Shane Duffy’s mother, Siobhain, has slammed the online trolls who have been targeting the Celtic defender with horrific abuse on social media in recent weeks.
On Tuesday, Shane Duffy shared yet another vile message he received on Instagram from an anonymous troll.
The message in question made light of the death of Duffy’s father last year and expressed a desire for the Republic of Ireland international to die too.
Duffy’s mother has now condemned the vitriol aimed at her son and called for action.
Siobhain Duffy tweeted: “What is wrong with people! This is my son who is dealing with the loss of his best friend and father.
What is wrong with people! This is my son who is dealing with the loss of his best friend and father. How dare they. There is limits😡 it’s a game of football. Get a grip . Something needs to be done about these trolls. As if mental health isn’t bad enough so much for #BeKind
— siobhain duffy (@brianduffy146) March 9, 2021
“How dare they. There is limits.
“It’s a game of football. Get a grip . Something needs to be done about these trolls. As if mental health isn’t bad enough so much for #BeKind.”
Duffy has repeatedly shared examples of social media abuse over the past month and Instagram investigated a particular instance last week but chose to take no further action.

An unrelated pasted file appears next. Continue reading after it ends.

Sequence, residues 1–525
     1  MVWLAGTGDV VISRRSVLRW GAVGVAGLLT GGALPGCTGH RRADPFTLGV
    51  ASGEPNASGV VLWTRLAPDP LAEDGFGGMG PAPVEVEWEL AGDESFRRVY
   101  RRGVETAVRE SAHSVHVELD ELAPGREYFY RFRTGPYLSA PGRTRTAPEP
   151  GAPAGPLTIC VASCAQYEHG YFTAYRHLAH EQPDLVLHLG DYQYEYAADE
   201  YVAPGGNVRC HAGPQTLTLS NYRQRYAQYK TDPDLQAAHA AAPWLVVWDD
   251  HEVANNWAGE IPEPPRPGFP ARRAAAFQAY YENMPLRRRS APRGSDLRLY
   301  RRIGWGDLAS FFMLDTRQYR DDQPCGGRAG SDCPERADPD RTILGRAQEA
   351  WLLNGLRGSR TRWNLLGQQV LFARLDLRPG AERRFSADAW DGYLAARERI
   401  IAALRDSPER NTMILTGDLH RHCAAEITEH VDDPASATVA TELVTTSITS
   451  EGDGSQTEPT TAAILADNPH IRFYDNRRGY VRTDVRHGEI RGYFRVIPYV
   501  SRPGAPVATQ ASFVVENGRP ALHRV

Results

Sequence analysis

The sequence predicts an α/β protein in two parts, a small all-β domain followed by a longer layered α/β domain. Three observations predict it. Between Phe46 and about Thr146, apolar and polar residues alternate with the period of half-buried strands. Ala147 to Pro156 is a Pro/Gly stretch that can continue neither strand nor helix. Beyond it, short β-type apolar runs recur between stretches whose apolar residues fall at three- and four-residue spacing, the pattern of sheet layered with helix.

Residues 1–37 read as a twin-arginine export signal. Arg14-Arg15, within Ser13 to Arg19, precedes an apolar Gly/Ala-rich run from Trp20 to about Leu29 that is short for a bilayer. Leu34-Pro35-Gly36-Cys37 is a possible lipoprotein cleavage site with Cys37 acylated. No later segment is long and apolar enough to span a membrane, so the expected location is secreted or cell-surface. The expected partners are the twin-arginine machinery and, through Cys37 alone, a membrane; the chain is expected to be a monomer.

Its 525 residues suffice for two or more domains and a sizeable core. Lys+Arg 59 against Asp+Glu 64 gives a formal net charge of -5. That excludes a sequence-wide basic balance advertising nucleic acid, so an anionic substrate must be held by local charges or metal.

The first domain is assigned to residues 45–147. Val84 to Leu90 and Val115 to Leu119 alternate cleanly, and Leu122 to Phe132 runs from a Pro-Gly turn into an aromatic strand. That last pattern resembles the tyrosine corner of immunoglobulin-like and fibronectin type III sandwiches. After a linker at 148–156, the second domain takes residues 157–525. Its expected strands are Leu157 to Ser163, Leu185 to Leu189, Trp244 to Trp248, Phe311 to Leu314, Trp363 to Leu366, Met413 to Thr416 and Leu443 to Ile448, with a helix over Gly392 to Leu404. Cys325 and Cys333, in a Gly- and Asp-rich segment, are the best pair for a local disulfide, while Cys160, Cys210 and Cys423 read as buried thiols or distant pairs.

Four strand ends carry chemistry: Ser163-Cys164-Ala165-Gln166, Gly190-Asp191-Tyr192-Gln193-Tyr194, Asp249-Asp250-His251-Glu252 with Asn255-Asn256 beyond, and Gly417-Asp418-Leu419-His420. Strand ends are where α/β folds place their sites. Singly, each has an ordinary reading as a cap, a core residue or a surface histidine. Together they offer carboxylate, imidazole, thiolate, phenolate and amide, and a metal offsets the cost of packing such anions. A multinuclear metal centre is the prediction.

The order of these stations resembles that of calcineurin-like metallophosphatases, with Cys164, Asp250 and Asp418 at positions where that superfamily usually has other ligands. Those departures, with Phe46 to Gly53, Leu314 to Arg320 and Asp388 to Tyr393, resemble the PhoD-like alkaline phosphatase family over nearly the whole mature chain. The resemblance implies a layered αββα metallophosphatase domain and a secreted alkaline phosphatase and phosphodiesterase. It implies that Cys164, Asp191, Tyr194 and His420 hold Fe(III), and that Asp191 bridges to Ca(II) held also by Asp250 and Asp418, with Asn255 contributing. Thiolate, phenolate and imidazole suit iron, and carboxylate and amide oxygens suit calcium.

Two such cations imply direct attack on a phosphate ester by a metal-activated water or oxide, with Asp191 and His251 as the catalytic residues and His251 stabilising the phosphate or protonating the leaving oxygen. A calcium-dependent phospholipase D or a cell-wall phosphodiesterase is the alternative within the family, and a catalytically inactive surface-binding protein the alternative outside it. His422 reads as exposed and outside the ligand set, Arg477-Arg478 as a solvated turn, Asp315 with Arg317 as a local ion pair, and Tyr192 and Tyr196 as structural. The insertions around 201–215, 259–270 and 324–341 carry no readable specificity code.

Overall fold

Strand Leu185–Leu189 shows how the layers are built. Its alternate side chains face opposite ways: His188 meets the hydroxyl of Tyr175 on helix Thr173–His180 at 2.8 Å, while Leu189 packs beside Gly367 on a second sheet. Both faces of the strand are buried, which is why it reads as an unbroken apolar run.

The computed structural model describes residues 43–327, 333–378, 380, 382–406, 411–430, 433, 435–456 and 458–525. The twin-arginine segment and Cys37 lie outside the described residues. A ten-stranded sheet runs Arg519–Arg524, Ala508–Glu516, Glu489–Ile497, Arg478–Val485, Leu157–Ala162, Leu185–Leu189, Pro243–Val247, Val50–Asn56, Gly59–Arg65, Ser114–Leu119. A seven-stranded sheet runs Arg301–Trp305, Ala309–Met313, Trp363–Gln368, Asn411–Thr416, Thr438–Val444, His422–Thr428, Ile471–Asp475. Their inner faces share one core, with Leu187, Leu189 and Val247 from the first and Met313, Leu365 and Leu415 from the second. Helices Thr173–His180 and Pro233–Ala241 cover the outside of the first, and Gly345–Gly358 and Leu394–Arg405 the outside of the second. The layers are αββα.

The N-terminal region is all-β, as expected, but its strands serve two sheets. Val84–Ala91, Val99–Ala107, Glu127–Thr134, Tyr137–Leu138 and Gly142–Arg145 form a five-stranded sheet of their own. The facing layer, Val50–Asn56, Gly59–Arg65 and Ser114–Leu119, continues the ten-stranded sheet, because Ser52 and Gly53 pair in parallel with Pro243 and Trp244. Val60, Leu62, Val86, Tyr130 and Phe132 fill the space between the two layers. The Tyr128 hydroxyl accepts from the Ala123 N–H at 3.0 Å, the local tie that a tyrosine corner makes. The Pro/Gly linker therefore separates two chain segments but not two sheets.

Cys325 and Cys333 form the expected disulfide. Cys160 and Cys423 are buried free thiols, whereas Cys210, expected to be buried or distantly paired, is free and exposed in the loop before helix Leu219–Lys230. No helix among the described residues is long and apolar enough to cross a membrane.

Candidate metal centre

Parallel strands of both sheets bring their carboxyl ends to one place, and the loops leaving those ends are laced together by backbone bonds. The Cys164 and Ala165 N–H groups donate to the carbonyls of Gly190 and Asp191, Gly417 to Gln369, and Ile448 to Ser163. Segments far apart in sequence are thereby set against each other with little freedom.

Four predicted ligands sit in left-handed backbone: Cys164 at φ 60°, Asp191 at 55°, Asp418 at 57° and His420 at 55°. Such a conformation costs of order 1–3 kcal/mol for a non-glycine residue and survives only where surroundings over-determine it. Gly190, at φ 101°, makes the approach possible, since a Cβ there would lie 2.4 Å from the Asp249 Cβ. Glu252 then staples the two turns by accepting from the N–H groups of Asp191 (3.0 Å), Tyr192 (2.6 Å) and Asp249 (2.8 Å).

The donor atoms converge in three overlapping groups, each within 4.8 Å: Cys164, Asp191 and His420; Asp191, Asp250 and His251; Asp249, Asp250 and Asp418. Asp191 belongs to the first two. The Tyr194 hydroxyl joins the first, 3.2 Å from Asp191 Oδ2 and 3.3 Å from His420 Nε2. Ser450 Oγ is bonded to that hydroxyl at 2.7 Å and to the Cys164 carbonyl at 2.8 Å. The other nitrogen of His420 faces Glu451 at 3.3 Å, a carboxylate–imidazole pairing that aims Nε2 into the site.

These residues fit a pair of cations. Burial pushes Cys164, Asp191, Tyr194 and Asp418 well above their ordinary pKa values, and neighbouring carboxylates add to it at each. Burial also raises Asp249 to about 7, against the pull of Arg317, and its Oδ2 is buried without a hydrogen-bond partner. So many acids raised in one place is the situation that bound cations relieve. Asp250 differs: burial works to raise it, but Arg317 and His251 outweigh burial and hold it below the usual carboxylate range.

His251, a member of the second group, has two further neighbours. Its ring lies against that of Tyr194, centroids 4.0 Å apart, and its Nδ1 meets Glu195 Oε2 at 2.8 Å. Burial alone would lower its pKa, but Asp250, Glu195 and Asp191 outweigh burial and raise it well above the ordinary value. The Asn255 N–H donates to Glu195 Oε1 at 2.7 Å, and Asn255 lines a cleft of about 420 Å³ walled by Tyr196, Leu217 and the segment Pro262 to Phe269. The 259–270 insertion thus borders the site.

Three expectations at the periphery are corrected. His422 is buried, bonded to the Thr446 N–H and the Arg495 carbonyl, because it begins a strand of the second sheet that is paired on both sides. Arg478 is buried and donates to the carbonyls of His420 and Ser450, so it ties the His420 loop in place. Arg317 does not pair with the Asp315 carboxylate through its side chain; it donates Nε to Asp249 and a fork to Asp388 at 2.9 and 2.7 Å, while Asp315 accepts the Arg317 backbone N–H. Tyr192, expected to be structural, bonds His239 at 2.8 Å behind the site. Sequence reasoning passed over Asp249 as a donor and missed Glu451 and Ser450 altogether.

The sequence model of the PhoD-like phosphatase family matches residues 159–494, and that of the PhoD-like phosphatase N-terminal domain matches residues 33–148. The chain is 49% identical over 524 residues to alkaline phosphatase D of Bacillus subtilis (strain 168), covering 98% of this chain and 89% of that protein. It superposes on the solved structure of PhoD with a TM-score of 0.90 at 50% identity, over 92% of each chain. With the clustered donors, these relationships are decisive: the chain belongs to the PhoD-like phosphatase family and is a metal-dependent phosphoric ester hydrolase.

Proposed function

The platform told Sky Sports News that it considered it to be an isolated incident and took into consideration that the user had deleted the messages to Duffy and had issued an apology.
Duffy joins fellow Derryman James McClean in sharing examples of sectarian abuse in recent weeks amid calls for social media platforms to hold users accountable for abuse.
On Tuesday, FA Chief Executive Mark Bullingham called for social media companies to introduce methods of verifying the identities of users to deter abuse of those involved in football.
“I do think there should be some way in which users are identified,” Bullingham told Sky Sports News.
“At the moment, they are able to completely avoid any personal responsibility and we think that they have to face up for what they’re doing, in a small number of cases, on social media.”